Rot, just when you’ve thought you found all of it in an area, you find a bit more .
In this instance, it actually wasn’t alot, the bulk majority was in the bottom three inches of a board, the downside is said board was also key to tying the floor into the rear wall.
Didn’t help that in my process of trying to remove the corner 2x2, I broke the one it was joined to and ended up having to replace both…..
So, off came the siding on the rear of the wall, mercifully it was two pieces, out came the glued together threesome of 2x2s (not sure why they did that, discovered they didn’t even do that on the other side when I worked on it), and sadly, also out came the corner board of the rear wall, because it snapped in two when I was trying to separate it from the corner pieces.
Ended up replacing it with a single 2x6, again not understanding the supposed “cost savings” of having to have someone cut three pieces of 2x2 and glue them together, vs cut one 2x6 once, and glue and screw it in…..
Before tying the rear wall and the new corner back together, I jacked the camper up using the new jack on its bracket to put a piece of 2x2 underneath and then lowered it back down to use the camper’s own weight to help lift the floor back up and get rid of some of the butt sag.
Also made another “Where’s the Wood?” discover in this corner, as it appears that in ‘75 to save money, Gardner decided to just laminate in scraps of 5/8” plywood to use to anchor the screw strips along the outer edge, and then slap in a couple scraps of 2x4 using two-hundred staples along the edge to use for the seam between the siding and where the patio light went.
In 1974, there was 2x2s behind these areas, in 1975, just the chinzy plywood. So, I added in some 2x2 scraps I had left over to give me something substantial to tie the siding back into, as well as to anchor the screw strips in on the seams.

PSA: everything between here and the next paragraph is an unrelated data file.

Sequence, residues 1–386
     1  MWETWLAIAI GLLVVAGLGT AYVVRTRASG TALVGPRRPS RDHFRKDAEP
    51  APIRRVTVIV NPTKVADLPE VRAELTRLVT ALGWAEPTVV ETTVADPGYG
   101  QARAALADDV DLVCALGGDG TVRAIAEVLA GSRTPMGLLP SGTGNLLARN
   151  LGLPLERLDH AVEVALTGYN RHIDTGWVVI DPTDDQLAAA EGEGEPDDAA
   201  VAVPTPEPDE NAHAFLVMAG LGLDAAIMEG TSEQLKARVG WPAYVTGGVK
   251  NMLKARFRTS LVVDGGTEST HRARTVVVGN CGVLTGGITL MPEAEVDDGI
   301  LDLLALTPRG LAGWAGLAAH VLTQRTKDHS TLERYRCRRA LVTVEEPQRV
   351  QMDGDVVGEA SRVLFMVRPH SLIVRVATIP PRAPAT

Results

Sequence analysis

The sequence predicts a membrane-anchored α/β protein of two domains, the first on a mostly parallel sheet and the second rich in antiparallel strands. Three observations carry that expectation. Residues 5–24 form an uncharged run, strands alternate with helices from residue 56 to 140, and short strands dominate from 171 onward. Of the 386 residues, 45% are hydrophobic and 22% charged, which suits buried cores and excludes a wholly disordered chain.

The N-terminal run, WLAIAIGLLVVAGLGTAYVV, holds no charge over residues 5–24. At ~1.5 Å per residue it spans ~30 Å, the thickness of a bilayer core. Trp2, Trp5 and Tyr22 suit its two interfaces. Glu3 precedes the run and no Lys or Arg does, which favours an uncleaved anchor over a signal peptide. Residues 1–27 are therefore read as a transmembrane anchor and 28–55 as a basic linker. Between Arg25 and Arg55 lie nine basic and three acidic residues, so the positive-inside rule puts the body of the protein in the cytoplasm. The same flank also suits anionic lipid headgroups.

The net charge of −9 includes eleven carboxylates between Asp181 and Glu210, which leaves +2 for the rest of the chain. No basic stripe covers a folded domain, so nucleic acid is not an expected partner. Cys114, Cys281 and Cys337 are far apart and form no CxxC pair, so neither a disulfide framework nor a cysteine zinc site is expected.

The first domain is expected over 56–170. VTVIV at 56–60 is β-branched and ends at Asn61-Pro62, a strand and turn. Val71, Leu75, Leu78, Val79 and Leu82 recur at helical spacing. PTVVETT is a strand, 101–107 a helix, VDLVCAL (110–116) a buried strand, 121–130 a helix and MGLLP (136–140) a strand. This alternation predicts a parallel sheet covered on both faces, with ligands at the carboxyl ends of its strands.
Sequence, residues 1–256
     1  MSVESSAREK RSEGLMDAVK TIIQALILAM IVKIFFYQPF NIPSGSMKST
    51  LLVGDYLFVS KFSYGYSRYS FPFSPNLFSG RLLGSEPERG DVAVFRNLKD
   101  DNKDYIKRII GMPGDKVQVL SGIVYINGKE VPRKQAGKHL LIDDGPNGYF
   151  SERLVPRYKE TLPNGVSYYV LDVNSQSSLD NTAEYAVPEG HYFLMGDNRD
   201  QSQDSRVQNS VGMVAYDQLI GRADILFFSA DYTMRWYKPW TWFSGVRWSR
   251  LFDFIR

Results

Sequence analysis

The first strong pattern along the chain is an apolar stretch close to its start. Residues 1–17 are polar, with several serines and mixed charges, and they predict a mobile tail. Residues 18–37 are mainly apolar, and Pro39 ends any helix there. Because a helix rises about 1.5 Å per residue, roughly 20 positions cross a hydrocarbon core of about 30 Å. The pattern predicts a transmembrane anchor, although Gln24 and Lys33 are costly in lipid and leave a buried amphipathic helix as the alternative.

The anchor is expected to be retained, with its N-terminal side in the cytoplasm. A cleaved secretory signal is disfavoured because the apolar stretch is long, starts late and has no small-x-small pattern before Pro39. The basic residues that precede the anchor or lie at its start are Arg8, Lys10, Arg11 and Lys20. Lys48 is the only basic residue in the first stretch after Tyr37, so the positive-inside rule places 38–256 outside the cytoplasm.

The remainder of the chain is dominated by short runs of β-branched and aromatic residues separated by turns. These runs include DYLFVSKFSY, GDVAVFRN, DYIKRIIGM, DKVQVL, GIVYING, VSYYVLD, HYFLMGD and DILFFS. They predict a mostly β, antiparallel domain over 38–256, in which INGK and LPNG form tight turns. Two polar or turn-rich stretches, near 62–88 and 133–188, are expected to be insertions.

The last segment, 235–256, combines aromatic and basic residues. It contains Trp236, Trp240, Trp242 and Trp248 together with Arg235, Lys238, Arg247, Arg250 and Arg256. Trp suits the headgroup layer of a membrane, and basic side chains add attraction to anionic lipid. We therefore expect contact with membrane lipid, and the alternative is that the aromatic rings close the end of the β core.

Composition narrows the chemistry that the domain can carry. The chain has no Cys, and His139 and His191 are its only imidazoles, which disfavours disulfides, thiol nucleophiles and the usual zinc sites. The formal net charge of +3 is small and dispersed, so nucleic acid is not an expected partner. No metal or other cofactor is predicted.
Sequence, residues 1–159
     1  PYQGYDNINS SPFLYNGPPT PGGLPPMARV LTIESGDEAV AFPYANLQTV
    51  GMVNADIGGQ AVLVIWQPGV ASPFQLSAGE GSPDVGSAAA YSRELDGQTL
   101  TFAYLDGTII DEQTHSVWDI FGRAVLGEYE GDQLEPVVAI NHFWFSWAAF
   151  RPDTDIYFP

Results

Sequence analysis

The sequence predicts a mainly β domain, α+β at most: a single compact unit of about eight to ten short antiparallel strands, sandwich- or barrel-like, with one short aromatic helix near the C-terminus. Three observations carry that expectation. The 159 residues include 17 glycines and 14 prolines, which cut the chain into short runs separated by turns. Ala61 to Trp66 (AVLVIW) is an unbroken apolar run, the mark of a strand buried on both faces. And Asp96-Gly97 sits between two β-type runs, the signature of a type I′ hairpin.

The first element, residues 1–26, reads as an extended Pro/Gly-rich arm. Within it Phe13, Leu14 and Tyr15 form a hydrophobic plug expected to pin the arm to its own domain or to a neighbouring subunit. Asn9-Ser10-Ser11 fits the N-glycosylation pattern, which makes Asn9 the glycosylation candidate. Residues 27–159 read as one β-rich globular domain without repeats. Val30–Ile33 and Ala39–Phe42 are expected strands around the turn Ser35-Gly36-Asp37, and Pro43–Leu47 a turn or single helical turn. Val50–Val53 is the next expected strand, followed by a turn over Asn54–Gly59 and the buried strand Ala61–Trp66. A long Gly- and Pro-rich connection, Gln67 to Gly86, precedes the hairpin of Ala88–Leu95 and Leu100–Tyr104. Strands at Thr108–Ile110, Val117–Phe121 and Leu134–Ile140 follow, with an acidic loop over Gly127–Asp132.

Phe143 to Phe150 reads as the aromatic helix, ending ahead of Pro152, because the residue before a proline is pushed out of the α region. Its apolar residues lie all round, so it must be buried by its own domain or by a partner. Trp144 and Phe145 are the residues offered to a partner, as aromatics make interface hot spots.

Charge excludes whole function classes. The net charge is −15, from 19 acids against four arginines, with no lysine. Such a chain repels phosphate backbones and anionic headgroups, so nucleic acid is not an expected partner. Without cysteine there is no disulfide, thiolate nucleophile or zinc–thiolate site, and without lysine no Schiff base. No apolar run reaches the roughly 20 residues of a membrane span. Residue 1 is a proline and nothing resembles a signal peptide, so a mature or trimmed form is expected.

Extra plus, it got rid of a dented in spot in the siding that occured because there was nothing backign the siding.
The skirting around the stairs was toast, the plywood was rotted beyond any idea of salvage, but was still solid enough to trace onto a new sheet and cut out its replacement. Come to the realization that on this camper, if its plywood, it will all be 5/8” thick.
Bout this point, I installed the carriage bolts through the 2x2 on the right side of the door jam to tie in the new jack bracket. It also bolts through the new framing in the upper side wall where a 2x6 and 2x4 carry the jack load all the way up to the main header beam at the top of the wall.
In addition to these tie ins, there’s a reason for that plate that hangs down over the side the truck. To help with the lateral stress where these jacks attach, two of the original jack mounts were modified so that they will bolt flush through that plate and transfer part of the jack load into the underside of the wing, just as they did when the camper was originally built.
Missus waiting on the steps for me to put the camera away and go in for the night.
The door now shuts square, the siding doesn’t have a dent in the lower part of the tail anymore (sadly has a couple new dents up at the top from where the siding had been buckled from the rear sag that I repaired), and the camper no longer makes an ominous creaking sound when I climb up and down the stairs .